By Melissa Fossum
By Lauren Wise
By New Times
By Amanda Savage
By Jason P. Woodbury
By Troy Farah
By New Times
Pernice got his start recording with a band called the Scud Mountain Boys, and when he later formed the Pernice Brothers and signed a deal with Sub Pop, the label released an album called Overcome By Happiness and reissued several of his older records and some unreleased material. Pernice decided then to pull out of the deal and form his own label, Ashmont, which has released the past two Pernice Brothers records. "Sub Pop was like a bad flu," says Pernice. "Everyone's got it. But you do eventually become immune to it, or more like a tolerance."
One rather unusual aspect to the Joe Pernice story is, that, in the midst of spreading his indie-rock ambiguity and intensity, he's writing a short novel, due in a couple months.
"I received a rather dubious phone call from Continuum Books one afternoon, from someone wondering whether I might be interested in writing something on the Smiths," he says. "They're publishing a series of books about influential albums, and they suggested I write about The Queen is Dead. But I didn't feel like writing any kind of critical book, like a straight rock criticism type of book, so I said how about a piece of fiction that would show the importance of that particular record in someone's life. So I wrote up a little treatment and they accepted it. And I didn't want to write about that particular album. I suggested Meat is Murder, and they agreed to that as well. There's like 13 or 14 books in the series, but I think mine is the only one that's taken this kind of an angle.
"It was hard at first to get motivated cause it takes up a lot more time than writing songs, which is sitting around playing guitar, and I only had a couple of months to work on it. So the hardest part was the discipline sitting in front of the computer. But once I got in the swing it was fun. Making records after all," he adds, "is a collaborative effort. It's a lot less lonely."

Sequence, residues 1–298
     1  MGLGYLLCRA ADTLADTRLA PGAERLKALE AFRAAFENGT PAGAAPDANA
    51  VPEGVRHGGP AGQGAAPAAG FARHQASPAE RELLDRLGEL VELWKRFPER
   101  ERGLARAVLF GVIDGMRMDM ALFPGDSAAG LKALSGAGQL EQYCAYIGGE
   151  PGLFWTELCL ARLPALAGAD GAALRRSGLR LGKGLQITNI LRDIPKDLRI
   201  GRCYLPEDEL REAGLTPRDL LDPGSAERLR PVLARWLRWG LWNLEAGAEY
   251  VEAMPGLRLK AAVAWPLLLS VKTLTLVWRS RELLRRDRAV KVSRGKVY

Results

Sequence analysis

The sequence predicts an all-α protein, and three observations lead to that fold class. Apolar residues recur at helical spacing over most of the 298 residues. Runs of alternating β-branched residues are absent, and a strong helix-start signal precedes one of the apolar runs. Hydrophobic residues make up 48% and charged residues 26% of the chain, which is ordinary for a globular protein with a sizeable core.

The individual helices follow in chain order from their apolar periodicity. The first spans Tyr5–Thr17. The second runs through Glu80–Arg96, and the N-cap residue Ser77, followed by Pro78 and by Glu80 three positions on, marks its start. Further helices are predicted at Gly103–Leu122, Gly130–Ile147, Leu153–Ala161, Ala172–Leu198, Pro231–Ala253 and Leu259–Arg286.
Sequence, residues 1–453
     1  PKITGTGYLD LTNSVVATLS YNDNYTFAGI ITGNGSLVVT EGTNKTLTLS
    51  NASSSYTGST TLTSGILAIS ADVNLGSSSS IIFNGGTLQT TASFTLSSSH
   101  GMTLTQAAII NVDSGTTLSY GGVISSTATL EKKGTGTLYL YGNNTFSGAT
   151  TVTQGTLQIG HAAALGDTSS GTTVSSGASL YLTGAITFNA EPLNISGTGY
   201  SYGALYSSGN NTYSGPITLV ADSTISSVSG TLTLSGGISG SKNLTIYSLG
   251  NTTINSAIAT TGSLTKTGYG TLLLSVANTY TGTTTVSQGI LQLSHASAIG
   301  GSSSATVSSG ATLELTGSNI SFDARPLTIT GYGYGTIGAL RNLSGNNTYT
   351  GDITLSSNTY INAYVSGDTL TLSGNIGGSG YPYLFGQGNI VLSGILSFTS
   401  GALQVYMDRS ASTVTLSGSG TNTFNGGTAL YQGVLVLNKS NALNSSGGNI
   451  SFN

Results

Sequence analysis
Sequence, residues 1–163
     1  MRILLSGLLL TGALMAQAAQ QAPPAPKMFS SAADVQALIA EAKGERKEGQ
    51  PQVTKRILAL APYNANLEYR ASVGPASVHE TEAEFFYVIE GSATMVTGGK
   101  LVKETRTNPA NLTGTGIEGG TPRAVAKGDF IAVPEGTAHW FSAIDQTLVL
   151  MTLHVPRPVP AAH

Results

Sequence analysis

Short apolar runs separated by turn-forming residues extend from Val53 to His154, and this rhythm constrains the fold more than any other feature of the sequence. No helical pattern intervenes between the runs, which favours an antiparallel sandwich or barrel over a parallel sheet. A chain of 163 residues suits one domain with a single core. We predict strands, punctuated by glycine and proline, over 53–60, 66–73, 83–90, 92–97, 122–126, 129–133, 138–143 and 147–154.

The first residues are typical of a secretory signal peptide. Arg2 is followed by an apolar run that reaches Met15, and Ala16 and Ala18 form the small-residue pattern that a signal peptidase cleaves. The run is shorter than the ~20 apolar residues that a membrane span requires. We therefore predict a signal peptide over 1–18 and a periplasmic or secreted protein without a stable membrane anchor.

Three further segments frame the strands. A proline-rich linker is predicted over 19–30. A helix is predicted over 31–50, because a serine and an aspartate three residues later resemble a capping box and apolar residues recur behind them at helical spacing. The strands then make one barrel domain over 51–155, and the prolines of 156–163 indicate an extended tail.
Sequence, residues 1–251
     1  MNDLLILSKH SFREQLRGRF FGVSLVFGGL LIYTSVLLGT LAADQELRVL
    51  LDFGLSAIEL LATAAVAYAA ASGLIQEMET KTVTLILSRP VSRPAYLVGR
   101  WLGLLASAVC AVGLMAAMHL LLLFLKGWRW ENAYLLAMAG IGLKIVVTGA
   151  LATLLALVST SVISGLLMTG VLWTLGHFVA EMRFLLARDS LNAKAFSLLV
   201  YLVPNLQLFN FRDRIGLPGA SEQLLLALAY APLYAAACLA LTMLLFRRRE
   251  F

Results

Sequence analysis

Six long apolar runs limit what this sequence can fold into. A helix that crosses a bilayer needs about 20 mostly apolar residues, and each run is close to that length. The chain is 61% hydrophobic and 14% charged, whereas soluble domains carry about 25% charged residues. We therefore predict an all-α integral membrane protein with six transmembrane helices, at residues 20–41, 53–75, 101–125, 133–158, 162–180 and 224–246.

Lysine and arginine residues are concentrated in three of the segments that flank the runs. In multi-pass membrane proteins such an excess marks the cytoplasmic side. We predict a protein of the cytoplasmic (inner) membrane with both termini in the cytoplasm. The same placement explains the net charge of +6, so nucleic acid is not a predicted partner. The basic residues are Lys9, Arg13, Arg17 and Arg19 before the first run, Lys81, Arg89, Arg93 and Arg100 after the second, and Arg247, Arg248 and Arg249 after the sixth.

Still, he was a little intimidated by the project. "If I was actually deciding I wanted to be a writer instead of a musician, I'd probably be shaking in my shoes," he says.
As for his immediate plans, Pernice is determined to tour through Thanksgiving, possibly longer than that if the tour goes well, and then get back to his songwriting and recording. He also has an idea about a musical he wouldn't discuss in detail.
Pernice and his band have stopped for a spell along the road, and he admits that they listen to few records while traveling. "We do have some Smiths, The Cure, the dB's, a few other things, but most of the time we just read," he says. He then takes a moment to admire his brand new Econoline E350 extended-cab van, which he claims is in immaculate shape. He jokes that he's trying to keep it pristine so that he can get a good price for it eventually. What about an SUV? "Never," he says sternly. "You might catch me under one, but never in one."
Let's hear it for the tough guy.